Future ALS, Cardiac Treatments From Existing Products
Researchers tap big data analytics and Internet of Things technologies to improve healthcare for people with neurodegenerative and cardiac diseases.
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Two independent proofs of concept, using currently available technologies, could one day reshape how providers care for cardiac patients and people with neurodegenerative diseases such as amyotrophic lateral sclerosis (ALS).
While parties involved in these projects caution their work needs more time and research, the implications are exciting because both programs use existing products. The cardiac research leverages big data and analytics, while the ALS initiative incorporates wearable and Internet of Things devices.
Autonomy for ALS patients Royal Philips and Accenture unveiled a proof of concept software on Tuesday that could give more autonomy to people with ALS or other neurodegenerative diseases. It works when a wearable display and Emotiv Insight Brainware, which measures electrical activity from brainwaves, connect to a tablet that enables people to use brain commands to control Philips products including Lifeline Medical Alert Service, SmartTV (with TP Vision), and Hue personal wireless lighting, according to the vendor. Users also can control the system via eye and voice commands, said Thibaut Sevestre, innovation lead for IT architecture and platforms at Philips, in an interview.
"We built an app that evolves with the disease of the patients, that learns multiple touches of impact," he said. "We came up with a very simplified menu structure that evolves depending on whether it's a tablet or wearable display and the type of input you're using."
The mission was personal, Sevestre said. An employee at Philips' partner Accenture had a family member with ALS, and the two organizations set about seeking ways to empower patients to use technology to gain more control over their environments, he said. That lack of autonomy and loss of communication ability were some of the biggest concerns and hurdles ALS patients faced, the companies' research found.
"We cannot communicate with our loved ones. We cannot communicate with our friends, but we are very dependent on them at every level," Sevestre said of ALS patients. "We rely on people around us for all the simple things of every day, so what are the things we could regain control of so we could be a little more autonomous? We had the idea of building this concept, pulling together a lot of tools we have today."
The technology, which is based on open APIs, works in a lab setting with healthy testers, but that has to change before Philips and Accenture can expand usage to people with ALS and other neurodegenerative diseases, he said. Because it could be deemed a medical device, stringent testing is required, and Philips and Accenture are seeking partners within the patient, provider, payer, and other healthcare communities, said Sevestre.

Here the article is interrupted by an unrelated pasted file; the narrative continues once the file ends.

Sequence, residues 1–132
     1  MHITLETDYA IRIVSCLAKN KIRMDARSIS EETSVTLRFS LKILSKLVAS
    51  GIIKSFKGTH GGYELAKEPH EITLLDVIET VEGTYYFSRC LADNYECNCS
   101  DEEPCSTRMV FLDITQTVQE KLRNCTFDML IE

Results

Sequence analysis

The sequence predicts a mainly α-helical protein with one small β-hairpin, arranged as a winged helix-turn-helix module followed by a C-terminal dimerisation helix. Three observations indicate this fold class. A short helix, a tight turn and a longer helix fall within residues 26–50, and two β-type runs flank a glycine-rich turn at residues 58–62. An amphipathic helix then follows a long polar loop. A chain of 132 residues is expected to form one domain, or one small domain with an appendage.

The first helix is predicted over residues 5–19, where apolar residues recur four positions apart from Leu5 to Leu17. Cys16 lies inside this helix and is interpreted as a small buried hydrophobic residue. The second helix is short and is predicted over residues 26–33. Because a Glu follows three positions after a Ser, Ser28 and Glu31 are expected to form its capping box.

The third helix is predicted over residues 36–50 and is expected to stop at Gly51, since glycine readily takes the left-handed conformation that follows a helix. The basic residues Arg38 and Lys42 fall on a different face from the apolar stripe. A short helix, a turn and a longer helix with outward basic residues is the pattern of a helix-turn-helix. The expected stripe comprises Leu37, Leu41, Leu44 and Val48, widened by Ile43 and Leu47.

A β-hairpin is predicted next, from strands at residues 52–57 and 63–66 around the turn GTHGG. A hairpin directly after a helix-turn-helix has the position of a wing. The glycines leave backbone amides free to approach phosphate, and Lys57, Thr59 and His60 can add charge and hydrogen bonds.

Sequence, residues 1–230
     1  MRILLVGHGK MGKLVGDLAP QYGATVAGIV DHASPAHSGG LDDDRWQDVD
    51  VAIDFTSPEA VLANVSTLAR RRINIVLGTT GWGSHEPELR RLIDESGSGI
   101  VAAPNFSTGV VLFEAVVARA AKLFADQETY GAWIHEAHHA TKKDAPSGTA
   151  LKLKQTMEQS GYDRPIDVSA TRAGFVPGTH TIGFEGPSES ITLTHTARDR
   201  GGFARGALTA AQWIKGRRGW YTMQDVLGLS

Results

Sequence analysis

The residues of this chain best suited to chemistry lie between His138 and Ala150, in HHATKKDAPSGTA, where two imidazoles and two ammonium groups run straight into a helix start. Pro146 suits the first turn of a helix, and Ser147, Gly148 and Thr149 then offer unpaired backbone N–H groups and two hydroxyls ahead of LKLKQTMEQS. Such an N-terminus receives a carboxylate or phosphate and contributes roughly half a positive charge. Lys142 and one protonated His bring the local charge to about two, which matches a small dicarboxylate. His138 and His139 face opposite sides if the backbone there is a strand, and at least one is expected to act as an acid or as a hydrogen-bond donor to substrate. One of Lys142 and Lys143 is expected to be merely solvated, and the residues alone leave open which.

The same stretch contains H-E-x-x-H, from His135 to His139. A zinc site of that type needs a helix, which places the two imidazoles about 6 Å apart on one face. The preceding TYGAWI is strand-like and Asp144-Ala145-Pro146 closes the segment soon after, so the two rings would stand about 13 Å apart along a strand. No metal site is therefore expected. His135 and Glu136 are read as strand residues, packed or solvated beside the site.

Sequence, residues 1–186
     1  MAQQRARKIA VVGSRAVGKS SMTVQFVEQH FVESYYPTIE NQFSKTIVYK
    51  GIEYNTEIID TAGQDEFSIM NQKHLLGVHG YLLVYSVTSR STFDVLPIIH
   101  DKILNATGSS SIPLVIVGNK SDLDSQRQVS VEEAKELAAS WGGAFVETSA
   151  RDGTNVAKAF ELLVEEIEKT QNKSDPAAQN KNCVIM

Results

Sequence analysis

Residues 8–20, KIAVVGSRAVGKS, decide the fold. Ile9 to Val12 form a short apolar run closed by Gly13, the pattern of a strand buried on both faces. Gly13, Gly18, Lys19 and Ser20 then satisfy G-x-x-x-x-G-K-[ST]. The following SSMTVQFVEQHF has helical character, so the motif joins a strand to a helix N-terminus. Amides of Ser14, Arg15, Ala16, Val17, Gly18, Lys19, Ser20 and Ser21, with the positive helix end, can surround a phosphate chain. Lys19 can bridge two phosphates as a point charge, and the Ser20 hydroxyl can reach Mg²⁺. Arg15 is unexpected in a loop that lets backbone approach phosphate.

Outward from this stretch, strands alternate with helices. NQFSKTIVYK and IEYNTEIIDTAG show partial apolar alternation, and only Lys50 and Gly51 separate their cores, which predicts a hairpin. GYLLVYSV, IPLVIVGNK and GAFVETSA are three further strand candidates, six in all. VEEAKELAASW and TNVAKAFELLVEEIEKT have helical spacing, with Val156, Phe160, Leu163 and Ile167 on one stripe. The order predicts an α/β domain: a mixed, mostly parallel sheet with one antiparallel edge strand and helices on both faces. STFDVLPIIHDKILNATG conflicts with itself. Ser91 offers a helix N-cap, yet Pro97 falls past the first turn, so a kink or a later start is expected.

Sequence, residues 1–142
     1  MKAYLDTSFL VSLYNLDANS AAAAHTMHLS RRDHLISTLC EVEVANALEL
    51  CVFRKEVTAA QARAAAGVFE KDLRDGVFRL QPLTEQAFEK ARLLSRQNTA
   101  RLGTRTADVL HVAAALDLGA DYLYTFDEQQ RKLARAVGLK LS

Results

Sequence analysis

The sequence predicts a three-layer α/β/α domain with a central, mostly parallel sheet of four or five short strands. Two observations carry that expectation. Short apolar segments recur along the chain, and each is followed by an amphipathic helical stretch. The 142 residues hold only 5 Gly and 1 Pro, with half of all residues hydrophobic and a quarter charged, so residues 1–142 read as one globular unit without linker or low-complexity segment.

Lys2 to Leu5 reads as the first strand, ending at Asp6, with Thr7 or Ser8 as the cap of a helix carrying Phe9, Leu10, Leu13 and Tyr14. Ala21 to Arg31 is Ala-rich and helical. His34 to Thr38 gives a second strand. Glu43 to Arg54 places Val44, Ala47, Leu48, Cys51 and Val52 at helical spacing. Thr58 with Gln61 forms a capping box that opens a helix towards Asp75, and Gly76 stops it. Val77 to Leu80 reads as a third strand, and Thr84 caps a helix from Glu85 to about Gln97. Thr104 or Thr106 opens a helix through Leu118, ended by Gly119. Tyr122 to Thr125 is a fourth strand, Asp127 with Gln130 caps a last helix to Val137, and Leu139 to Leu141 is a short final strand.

Since components -- such as the headset and interactive TVs -- have been available for several years, Philips may have another option too, he said. The longtime developer of consumer-oriented products could leverage that experience if the product is not sold as a medical device.
"We'd like to gauge if there is a consumer track that is not healthcare regulated that could help speed up the development of the technology and the way of controlling devices that could help us very quickly gain speed, gain experience, [and] gain volume to make the entry level for the healthcare part lower in terms of cost and lower in terms of experimentation," said Sevestre. "Where is the sweet spot, [where] can we gain more experience faster so we can make that better for the patients?"
As Philips readily admits, the technology is in the early stages of development. Partnerships, research, and feedback will dictate the technology's direction and ultimate success.
The heart of cardiology When Dr. Partho Sengupta, director of cardiac ultrasound research and associate professor of medicine in cardiology at the Mount Sinai Hospital, wanted to more accurately identify disease patterns from echocardiograms, he sought to use the many data attributes these tests show. He wanted
Alison Diana has written about technology and business for more than 20 years. She was editor, contributors, at Internet Evolution; editor-in-chief of 21st Century IT; and managing editor, sections, at CRN. She has also written for eWeek, Baseline Magazine, Redmond Channel ... View Full Bio